8:03 AM EST Sunday 15 February 2015
Extreme Cold Warning in effect for:
- Ottawa North – Kanata – Orléans
- Ottawa South – Richmond – Metcalfe
A prolonged period of very cold wind chills continues.
Bitterly cold arctic air is being ushered in by stiff northerly winds. As a result, wind chills values of minus 35 to minus 40 are expected today. Areas east of Georgian Bay may see wind chills as cold as minus 45, especially this morning.
Tonight will be clear and very cold. Although the winds will diminish somewhat, extreme wind chill values of minus 35 to minus 40 are expected tonight and into Monday morning.
People outdoors should exercise extreme caution. Frostbite on exposed skin may occur in just a few minutes.
While anyone who isn’t dressed warmly is at risk in cold weather conditions, some are at greater risk than others for frost bite and hypothermia:
– homeless people
– outdoor workers
– people living in homes that are poorly insulated (with no heat or no power)
– people with certain medical conditions such as diabetes, peripheral neuropathy and diseases affecting the blood vessels, people taking certain medications including beta-blockers
– winter sport enthusiasts
– people who consume excess alcohol
– infants and
Wear appropriate clothing.
– Always wear clothing appropriate for the weather. Synthetic and wool fabrics provide better insulation. Some synthetic fabrics are designed to keep perspiration away from your body which keep you dry and further reduce your risk.
– Dress in layers with a wind resistant outer layer. You can remove layers if you get too warm (before you start sweating) or add a layer if you get cold.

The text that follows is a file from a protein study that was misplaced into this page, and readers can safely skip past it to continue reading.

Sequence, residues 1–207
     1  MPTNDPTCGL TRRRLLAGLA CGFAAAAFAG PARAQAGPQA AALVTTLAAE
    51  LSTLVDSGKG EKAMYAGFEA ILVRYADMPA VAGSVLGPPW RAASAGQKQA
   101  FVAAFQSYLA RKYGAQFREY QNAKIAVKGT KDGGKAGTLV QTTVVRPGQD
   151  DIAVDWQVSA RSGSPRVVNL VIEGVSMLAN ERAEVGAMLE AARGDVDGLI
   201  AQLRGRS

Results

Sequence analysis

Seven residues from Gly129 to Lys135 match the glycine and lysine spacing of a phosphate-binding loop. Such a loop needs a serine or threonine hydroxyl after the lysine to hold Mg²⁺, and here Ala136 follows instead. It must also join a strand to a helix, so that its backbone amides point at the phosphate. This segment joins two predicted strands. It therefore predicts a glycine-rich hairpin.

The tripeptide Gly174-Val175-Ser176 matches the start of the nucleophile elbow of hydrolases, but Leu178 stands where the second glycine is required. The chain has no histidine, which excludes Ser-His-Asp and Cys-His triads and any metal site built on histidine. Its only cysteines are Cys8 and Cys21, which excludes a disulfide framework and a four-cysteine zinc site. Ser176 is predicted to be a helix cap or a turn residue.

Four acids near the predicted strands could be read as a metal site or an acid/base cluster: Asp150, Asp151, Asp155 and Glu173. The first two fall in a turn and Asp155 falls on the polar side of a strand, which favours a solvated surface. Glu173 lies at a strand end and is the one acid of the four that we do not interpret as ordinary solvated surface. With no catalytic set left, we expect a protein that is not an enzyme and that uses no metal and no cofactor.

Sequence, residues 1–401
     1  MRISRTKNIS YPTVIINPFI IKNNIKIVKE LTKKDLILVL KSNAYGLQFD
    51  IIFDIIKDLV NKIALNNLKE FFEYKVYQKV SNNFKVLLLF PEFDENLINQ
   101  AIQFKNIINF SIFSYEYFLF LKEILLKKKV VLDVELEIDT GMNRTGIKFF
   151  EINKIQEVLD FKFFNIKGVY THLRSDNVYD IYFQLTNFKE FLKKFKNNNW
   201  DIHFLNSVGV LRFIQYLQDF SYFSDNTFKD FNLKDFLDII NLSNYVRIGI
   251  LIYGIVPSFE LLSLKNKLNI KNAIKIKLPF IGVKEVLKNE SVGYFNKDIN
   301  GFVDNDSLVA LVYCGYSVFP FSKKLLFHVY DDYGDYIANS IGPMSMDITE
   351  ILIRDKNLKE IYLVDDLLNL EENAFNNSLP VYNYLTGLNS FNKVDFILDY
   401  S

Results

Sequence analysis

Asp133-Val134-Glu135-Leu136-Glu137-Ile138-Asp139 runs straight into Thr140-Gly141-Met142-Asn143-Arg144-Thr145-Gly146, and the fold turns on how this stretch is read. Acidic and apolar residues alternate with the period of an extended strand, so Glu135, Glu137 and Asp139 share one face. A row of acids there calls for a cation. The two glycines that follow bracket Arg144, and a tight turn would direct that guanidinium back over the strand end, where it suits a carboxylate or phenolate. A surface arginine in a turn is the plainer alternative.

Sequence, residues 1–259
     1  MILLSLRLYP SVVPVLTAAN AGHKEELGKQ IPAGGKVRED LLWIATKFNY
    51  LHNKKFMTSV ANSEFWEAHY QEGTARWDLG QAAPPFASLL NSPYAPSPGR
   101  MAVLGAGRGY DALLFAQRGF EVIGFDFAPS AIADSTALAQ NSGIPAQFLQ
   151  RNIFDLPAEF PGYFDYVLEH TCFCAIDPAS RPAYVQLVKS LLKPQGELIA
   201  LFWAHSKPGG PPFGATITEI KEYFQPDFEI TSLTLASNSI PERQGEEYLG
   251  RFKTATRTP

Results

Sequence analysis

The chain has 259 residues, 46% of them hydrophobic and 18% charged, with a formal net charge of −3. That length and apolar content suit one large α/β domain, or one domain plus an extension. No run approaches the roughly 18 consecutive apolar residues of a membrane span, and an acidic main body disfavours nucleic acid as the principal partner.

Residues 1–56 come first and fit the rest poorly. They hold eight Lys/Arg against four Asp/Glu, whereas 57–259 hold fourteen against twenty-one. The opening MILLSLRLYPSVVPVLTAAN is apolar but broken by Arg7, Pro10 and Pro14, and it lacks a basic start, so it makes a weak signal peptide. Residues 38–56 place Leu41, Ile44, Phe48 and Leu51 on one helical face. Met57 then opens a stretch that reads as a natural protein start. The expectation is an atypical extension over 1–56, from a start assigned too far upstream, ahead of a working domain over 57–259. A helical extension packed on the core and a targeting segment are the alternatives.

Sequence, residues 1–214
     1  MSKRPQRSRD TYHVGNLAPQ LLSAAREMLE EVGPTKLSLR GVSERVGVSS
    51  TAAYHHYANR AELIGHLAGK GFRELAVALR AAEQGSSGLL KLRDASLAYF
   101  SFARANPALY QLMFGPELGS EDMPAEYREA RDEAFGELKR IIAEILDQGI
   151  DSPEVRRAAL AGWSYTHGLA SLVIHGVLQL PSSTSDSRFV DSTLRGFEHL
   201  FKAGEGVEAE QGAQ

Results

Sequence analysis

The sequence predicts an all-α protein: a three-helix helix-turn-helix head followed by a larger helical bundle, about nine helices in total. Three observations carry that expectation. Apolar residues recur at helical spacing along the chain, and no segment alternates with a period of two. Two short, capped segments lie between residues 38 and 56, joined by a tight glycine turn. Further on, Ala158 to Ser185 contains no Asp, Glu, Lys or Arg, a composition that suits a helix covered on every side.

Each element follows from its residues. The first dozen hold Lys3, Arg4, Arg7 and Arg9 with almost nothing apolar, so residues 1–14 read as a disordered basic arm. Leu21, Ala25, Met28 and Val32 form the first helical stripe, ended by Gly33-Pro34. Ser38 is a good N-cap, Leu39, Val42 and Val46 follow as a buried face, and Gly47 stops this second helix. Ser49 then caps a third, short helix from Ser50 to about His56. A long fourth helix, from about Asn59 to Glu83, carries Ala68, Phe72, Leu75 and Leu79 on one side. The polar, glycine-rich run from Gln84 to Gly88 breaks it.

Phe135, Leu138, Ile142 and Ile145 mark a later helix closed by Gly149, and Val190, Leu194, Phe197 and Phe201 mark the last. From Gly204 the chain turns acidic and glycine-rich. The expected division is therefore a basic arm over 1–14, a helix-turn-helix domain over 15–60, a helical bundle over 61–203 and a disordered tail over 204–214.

– Wear warm socks, gloves, a hat and scarf in cold weather. Be sure to cover your nose to protect it.
– If you get wet, change into dry clothing as soon as possible. You lose heat faster when you’re wet.
– On sunny days wear sun glasses, lip balm and sunscreen to protect your skin from UV and keep it moisturized to help prevent windburn.
– Wear a face mask and goggles if you are participating in winter activities such as skiing, snowmobiling and skating to protect your face from frostbite and windburn.
– Keep moving (especially your hands and feet) to keep your blood flowing and maintain your body heat.
– Drink enough fluids, but avoid very cold drinks and consume warm meals regularly.
– Consuming alcohol before you go out in the cold may increase your risk of hypothermia because it increases blood flow to the extremities of the body. You may actually feel warm even though you are losing heat.
Environment Canada meteorologists will update alerts as required, so stay tuned to your local media or Weatheradio. Email reports of severe weather to firstname.lastname@example.org or tweet with the hashtag #ONStorm.